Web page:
“It’s Not Funny Anymore”
Writer: Matthew Rosenberg
Artist: Carmine Di Giandomenico
Color Artist: Arif Prianto
Letterer: Tom Napolitano
Review by Kendra Hale
The Joker: The Man Who Stopped Laughing #1 brings a slew of mystery with its mayhem. This one definitely requires seatbelts, in order to keep up with the whiplash and maybe a mask to cover your eyes from the horror… unless you’re like me and thrive in that chaos.
The artwork, from the cover alone, is a draw to the book as it’s both fascinating and foreboding. We get a bit of “Abandon all hope, ye who enter here” kind of vibe. With variants by Lee Bermejo and David Nakayama, Francesco Mattina, Ben Oliver, and Haining, readers have ample choice to enter this tale. While the title’s what caught my eye and dragged me away from other books by the throat, what lies under the cover is what really kept me glued to my seat.
Let’s dig into it, shall we? Disturb some graves.
This Man Is Not Well
Four Days ago in Gotham is where the issue starts readers off. We’re in a restaurant that could have been pulled out of scenes of The Godfather or The Sopranos, and a group of mafia boys sits enjoying a meal. Our narrator’s nice enough to inform us of the similarity between humor and horror, which is good because something’s definitely wrong with the soup.
With a flourish, all his own, Joker announces his return and is there to clean up the criminal element that’s begun to thrive in his absence. At a baseball-themed execution ceremony, Riddler, Two-Face, and Roman Sionis have some words for the man who expects them to follow his lead.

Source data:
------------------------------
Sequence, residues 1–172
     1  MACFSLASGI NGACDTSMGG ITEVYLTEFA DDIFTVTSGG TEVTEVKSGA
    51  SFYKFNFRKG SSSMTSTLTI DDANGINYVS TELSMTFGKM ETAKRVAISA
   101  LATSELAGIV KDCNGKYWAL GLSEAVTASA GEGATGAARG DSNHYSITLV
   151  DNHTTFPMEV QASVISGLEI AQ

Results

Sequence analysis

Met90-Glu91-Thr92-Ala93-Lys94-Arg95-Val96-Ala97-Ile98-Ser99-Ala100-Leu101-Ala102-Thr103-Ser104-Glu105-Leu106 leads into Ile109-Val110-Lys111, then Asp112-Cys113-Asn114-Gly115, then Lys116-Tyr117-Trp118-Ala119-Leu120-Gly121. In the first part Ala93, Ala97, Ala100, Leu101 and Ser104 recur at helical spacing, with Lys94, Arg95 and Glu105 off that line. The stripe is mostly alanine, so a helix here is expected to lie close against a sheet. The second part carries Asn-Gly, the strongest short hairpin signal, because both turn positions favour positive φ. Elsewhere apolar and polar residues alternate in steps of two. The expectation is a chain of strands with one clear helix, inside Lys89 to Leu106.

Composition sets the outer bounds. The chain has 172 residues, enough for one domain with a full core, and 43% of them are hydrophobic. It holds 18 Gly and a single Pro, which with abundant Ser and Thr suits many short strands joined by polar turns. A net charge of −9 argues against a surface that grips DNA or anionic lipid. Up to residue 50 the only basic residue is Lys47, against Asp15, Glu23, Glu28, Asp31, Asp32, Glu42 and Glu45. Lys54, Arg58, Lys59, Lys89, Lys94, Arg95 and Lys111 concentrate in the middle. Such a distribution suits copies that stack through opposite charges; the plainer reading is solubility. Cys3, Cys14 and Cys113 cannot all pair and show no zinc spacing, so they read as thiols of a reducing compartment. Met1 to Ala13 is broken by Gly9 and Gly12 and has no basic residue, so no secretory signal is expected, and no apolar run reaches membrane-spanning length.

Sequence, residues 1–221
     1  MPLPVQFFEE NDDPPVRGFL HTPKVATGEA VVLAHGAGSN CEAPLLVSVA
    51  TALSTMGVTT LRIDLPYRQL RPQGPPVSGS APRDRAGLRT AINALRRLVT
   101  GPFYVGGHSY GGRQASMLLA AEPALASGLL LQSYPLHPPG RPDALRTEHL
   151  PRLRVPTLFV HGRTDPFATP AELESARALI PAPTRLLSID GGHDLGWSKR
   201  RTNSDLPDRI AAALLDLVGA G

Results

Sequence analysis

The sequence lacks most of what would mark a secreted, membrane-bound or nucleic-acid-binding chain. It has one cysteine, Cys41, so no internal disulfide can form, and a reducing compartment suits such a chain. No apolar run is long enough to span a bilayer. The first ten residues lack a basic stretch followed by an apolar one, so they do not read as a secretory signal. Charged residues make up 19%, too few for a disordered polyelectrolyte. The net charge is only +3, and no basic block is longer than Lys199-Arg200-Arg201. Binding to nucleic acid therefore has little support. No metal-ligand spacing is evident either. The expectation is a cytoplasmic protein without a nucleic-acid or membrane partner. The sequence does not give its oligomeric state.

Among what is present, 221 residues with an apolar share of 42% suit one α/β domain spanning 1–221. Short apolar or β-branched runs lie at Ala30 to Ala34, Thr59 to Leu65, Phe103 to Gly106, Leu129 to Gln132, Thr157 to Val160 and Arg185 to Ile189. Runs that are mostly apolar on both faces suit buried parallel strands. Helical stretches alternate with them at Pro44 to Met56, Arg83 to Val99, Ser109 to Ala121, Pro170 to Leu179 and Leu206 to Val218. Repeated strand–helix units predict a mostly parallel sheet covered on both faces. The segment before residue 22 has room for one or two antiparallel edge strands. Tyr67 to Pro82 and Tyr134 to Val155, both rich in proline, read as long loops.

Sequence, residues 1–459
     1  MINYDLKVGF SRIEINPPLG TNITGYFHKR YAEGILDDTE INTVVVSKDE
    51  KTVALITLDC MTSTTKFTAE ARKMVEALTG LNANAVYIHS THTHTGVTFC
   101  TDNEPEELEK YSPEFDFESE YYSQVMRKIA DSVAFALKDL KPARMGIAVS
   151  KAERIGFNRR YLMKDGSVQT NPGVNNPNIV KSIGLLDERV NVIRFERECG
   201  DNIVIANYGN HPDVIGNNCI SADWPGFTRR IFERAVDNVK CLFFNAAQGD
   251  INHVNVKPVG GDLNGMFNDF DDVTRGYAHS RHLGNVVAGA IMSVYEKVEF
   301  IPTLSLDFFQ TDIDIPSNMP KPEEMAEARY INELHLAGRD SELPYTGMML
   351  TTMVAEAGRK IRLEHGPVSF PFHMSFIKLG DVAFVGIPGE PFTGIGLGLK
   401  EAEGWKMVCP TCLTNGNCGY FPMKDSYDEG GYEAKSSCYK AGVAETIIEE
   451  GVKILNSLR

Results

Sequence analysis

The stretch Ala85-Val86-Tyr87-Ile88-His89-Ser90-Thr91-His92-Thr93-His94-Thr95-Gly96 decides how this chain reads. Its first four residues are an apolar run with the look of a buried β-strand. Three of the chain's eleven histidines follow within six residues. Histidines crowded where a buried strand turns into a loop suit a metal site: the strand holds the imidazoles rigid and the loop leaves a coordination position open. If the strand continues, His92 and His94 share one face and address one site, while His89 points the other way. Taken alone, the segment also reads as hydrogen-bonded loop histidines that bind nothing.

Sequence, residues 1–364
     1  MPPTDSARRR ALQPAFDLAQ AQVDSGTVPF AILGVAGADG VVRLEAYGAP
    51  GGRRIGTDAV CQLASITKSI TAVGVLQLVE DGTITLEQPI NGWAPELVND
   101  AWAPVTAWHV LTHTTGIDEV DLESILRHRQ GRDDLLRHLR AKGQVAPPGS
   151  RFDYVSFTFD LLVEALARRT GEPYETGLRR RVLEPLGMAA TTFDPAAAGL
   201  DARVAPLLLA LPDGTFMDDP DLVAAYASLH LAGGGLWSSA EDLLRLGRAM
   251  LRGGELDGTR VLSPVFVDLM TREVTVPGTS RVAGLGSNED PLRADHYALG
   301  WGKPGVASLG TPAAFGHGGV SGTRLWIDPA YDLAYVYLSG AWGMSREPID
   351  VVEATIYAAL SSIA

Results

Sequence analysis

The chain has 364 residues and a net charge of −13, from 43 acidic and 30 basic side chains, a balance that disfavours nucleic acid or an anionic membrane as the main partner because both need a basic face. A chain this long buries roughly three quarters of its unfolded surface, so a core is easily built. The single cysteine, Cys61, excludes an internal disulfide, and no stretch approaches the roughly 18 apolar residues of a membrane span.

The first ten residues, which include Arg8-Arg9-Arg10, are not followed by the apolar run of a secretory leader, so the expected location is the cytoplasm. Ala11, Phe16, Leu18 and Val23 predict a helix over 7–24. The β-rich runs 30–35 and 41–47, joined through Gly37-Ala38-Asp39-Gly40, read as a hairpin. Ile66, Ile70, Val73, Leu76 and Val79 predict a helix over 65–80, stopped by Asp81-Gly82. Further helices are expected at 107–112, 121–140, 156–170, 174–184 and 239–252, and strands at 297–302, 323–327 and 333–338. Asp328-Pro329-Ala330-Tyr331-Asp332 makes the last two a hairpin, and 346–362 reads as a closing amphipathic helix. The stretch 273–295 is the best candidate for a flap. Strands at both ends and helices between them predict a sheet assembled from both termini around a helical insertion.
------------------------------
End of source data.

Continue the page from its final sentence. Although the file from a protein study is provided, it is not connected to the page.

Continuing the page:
Where The Old Clowns Go
Seemingly tired of the Gotham scene Joker takes off for a bigger stage, claiming that soon all of America will know his face and name, and the fear associated with both. However, there’s someone who survived… someone important, who will rock the foundations to the ground. Just who is this man and what role will he play?
Who’s Laughing Now?
I was floored by how engrossed I became in seeing The Joker: The Man Who Stopped Laughing #1 unfold. Matthew Rosenberg has done a masterful job of setting the stage for this epic tale. Carmine Di Giandomenico however, paired with Arif Prianto, steals the show as the artwork is so wonderful. There are many scenes where it’s just The Joker’s face and I was in awe of all the detail in every panel.
In addition, we get a treat of a side story written by Matthew Rosenberg, with art by Francesco Francavilla, letters by Tom Napolitano, and edited by Dave Weigosz (Hi, Dave). “Here’s Looking At You Kidder” is a hilarious tale of Joker falling for Power Girl and seeking the help of his crew and Mirror Master to win her over.
I went into this comic with no expectations and came out both mesmerized and in awe of what I’d been given the chance to read. Between the story and the artwork, we received a controlled case of malice and shenanigans. The Joker: The Man Who Stopped Laughing #1 pulls no punches and certainly goes all in on each category.
I look forward to getting spoiled with each issue.
Images Courtesy Of DC Entertainment